It also protects you from judgement, which, let’s be honest, is what many of us are doing when we scroll through our social media feeds. “We don’t have people trying to get involved with our relationship or purposely stirring the pot because no one thinks they know everything about our relationship,” adds Kelly. “What’s ours remains ours.”

This rejection is despite the flurry of online activity that ensues after the official launch: holidays together, anniversary celebrations, and maybe, eventually, engagement announcements. It’s not abnormal for the trajectories of our relationships to be fastidiously documented on our feeds.

As someone whose Instagram is consistently blazing with engagement announcements, pregnancy scans and birthday celebrations for people’s partners, I can certainly see the appeal of withdrawing from it all, and making the unlikely but increasingly popular choice to put privacy first in my romantic life. My friends feel similarly: one who has previously described herself as “chronically online” has only just started posting photographs of her boyfriend after three years of dating. “I just needed to keep something to myself,” she explained to me, referring to a previous relationship that she shared a lot of.

We don’t have people trying to get involved with our relationship or purposely stirring the pot because no one thinks they know everything about our relationship. What’s ours remains ours

Kelly*

Oversharing is an uncomfortable by-product of social media culture, as is the expectation to behave like we’re all the star of our own reality show. There are clear consequences to this where our relationships are concerned, though. There’s the pressure that Kelly mentioned. But there’s also the performative element of it; after all, who are you posting your partner for? Doesn’t your partner already know how much you love and adore them? Why feel the need to tell a bunch of strangers on the internet about it?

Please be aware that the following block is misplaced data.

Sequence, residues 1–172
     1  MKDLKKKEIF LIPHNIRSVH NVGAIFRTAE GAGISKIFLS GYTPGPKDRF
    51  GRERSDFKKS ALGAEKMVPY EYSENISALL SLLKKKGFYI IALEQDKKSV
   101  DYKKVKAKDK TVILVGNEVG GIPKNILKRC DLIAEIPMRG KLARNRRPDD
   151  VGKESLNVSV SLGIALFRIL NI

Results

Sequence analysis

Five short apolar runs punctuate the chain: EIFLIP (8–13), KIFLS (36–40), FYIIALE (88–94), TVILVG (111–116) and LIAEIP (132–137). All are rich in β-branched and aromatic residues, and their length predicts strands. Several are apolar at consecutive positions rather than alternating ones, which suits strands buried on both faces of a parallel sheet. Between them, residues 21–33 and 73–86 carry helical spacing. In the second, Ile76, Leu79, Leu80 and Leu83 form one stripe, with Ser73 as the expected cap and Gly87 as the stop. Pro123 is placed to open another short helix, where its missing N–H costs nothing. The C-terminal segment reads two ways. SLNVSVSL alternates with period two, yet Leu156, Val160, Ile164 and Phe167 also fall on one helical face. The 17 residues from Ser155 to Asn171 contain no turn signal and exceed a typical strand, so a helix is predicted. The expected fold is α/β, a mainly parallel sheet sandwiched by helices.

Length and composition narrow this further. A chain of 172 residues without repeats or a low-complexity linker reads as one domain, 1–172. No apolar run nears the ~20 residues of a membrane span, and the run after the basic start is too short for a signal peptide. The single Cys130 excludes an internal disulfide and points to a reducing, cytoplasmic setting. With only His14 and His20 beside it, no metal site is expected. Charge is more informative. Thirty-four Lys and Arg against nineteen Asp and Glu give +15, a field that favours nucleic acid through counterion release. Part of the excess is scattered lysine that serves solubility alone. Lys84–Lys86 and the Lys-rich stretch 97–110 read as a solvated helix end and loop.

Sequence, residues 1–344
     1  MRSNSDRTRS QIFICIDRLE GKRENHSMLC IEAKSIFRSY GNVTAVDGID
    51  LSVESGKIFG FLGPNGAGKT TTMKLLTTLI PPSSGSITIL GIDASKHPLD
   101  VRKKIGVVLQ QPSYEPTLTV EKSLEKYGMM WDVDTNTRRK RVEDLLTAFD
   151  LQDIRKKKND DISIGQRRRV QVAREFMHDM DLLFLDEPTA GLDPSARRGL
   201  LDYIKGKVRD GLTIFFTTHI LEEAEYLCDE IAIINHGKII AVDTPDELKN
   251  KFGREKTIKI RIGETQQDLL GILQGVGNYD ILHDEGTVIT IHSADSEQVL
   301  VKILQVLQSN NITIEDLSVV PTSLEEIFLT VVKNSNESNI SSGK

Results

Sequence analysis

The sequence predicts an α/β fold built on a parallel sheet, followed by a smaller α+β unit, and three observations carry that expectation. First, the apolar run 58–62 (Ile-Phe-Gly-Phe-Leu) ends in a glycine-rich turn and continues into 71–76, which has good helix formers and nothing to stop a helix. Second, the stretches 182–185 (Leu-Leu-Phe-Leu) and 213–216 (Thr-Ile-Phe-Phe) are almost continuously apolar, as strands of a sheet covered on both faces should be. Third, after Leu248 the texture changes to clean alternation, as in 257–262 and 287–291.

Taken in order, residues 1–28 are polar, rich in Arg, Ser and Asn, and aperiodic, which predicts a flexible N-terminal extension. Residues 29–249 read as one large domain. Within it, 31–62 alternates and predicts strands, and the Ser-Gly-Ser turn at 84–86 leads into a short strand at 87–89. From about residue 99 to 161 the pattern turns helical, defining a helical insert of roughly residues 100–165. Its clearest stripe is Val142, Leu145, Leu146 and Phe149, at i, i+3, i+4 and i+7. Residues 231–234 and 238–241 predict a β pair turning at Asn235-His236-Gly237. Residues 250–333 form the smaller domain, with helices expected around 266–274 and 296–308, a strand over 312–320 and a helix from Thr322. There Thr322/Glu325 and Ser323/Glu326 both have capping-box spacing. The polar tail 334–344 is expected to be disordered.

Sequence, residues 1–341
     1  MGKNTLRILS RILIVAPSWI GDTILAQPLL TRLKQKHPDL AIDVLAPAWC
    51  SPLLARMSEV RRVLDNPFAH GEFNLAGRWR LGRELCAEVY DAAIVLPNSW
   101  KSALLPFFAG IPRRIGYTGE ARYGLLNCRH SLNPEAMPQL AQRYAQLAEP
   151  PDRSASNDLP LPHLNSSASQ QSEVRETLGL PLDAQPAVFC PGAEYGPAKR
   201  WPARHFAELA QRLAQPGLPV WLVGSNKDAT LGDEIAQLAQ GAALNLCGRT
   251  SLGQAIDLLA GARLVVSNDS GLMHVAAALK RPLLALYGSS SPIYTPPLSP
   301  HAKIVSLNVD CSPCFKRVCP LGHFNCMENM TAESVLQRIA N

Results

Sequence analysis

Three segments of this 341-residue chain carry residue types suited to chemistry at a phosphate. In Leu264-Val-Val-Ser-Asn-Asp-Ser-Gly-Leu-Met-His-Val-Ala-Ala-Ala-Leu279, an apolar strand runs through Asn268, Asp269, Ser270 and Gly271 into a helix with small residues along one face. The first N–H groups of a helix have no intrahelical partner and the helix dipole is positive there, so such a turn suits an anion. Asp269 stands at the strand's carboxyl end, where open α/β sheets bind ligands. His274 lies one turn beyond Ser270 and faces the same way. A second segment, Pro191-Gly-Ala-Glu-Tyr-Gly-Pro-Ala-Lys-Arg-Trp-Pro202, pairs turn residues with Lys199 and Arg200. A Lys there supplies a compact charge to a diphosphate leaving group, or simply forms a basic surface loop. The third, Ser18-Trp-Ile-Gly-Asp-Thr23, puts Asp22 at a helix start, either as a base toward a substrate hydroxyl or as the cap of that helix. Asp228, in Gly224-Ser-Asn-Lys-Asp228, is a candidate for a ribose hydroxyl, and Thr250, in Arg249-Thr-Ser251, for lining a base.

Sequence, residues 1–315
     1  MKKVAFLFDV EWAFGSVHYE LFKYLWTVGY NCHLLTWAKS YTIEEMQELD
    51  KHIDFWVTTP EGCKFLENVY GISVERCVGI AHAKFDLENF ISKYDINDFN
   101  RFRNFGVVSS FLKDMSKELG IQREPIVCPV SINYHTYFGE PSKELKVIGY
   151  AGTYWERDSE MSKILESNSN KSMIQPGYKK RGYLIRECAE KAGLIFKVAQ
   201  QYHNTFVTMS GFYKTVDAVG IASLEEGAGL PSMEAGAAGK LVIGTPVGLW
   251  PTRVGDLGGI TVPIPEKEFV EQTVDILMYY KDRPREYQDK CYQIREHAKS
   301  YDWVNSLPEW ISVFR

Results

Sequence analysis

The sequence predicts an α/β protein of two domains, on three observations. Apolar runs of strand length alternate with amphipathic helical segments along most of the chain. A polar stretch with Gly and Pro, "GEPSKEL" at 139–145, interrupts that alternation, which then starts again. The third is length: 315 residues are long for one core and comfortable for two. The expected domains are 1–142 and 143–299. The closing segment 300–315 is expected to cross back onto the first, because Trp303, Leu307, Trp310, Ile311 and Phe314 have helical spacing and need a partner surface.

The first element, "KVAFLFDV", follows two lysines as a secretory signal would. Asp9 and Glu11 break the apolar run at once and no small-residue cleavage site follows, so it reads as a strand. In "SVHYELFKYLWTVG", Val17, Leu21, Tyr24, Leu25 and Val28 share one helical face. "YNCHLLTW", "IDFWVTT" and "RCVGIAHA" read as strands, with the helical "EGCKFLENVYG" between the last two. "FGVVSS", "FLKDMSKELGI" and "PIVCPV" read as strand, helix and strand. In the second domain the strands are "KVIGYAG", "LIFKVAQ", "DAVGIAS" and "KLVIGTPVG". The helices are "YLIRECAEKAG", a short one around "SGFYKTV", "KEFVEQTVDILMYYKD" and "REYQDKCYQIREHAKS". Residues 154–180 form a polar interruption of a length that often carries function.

It can easily turn into an unhealthy obsession, too, eliciting anxieties around engagement with posts about you and your partner, leading you to draw meaning from things that are inherently meaningless: “This friend didn’t like this post of the two of us, do you think it means they don’t support the relationship?” and so on. Then, like with everything we share online, there’s the compulsion to present a perfect narrative about you and your partner, one that will never reflect reality. Because how could it?

It’s the antithesis to romance in almost every single way. And frankly, I’ve drawn far too much meaning from it with exes in the past, getting fixated on why they hadn’t shared photos of me after months of being together, and levelling accusations of infidelity at them as a result. None of this is healthy, nor is it conducive to a loving relationship. And the older I get, the more visceral this all feels.

Privacy is a privilege, and when I enter into my next relationship, it’s one I’ll be prioritising.

*Names have been changed